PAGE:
Jerry and Rachel are two strangers thrown together by a mysterious phone call from a woman they have never met. Threatening their lives and family, she pushes Jerry and Rachel into a series of increasingly dangerous situations, using the technology of everyday life to track and control their every move.
Publicist Stuart Shepard finds himself trapped in a phone booth, pinned down by an extortionist's sniper rifle. Unable to leave or receive outside help, Stuart's negotiation with the caller leads to a jaw-dropping climax.
With the help of a mysterious pill that enables the user to access one hundred percent of his brain abilities, a struggling writer becomes a financial wizard, but it also puts him in a new world with lots of dangers.
Ben Campbell is a young, highly intelligent, student at M.I.T. in Boston who strives to succeed. Wanting a scholarship to transfer to Harvard School of Medicine with the desire to become a doctor, Ben learns that he cannot afford the $300,000 for the four to five years of schooling as he comes from a poor, working-class background. But one evening, Ben is introduced by his unorthodox math professor Micky Rosa into a small but secretive club of five. Students Jill, Choi, Kianna, and Fisher, who are being trained by Professor Rosa of the skill of card counting at blackjack. Intrigued by the desire to make money, Ben joins his new friends on secret weekend trips to Las Vegas where, using their skills of code talk and hand signals, they have Ben make hundreds of thousands of dollars in winning blackjack at casino after casino. Ben only wants to make enough money for the tuition to Harvard and then back out. But as fellow card counter, Jill Taylor, predicts, Ben becomes corrupted by greed ...Written by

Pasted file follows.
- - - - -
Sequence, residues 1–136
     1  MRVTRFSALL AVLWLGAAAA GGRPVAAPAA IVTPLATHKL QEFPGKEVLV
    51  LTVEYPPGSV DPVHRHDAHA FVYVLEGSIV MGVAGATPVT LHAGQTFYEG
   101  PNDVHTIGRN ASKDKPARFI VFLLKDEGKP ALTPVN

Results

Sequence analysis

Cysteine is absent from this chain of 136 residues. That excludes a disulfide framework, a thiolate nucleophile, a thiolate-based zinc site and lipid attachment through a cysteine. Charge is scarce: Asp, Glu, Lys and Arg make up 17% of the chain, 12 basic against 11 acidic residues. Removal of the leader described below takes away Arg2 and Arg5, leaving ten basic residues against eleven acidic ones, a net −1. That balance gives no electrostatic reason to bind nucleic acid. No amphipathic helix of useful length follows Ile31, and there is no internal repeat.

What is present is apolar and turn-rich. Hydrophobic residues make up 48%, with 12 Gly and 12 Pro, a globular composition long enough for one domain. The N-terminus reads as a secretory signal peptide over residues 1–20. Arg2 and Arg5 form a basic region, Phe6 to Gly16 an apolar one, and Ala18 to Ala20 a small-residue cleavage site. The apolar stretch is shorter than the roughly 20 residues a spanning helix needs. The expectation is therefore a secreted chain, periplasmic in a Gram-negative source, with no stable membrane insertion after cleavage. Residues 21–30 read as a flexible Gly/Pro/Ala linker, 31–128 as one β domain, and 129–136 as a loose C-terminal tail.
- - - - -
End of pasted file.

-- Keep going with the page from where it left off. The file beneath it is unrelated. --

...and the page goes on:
Jim Sturgess' long-time girlfriend at the time was also called Mickey, resembling Kevin Spacey's character Micky. See more »
In two separate places in the film, the player is hollering for the dealer to draw a "monkey" (a face card or a ten) when, in fact, a monkey would have given the dealer a winning hand. The first instance is when an Asian woman introduces Ben to the slang. The more egregious of the two instances is when Ben (who, by this point, has established his big player credentials) calls out for a monkey twice when either of those times would have given the dealer a winning hand. See more »
'Winner, winner, chicken dinner.' Those words had been dancing around my head all night. I mean, it's Vegas lore, that phrase. Just ask any of the old-time pit bosses, they'll know. It was a Chinese dealer at Binion's who was first credited with the line. He would shout it every time he dealt blackjack. That was over 40 years ago, and the words still catch. 'Winner, winner, chicken dinner.' Yeah, try it. I had heard it at least 14 times that night. I couldn't lose. First...
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This film screened at the SXSW Film Festival in Austin, TX. It is a reasonable well-made based-on-a-true-story film that tells the story of a group of MIT students who attempt to make a fortune counting cards in Vegas. The screenplay apparently plays pretty fast-and-loose with the version told in the book. Never-the-less, the acting is excellent - especially Jim Sturgess in the role of the lead student. Honestly, his accent was so good that I didn't realize - until he came on stage afterward - that he was British. He does a great job with the mannerisms to give you a real sense of the character's evolution. Kevin Spacey and Laurence Fishburne are solid - although Fishburne's role is fairly small. The minor characters are not as well-developed as they could have been. The cinematography of both Boston and Las Vegas is quite good, especially on the big screen. It's an interesting story, but they could have edited down a bit to make it move a little quicker. This is a good film, but it probably could have been a lot better.
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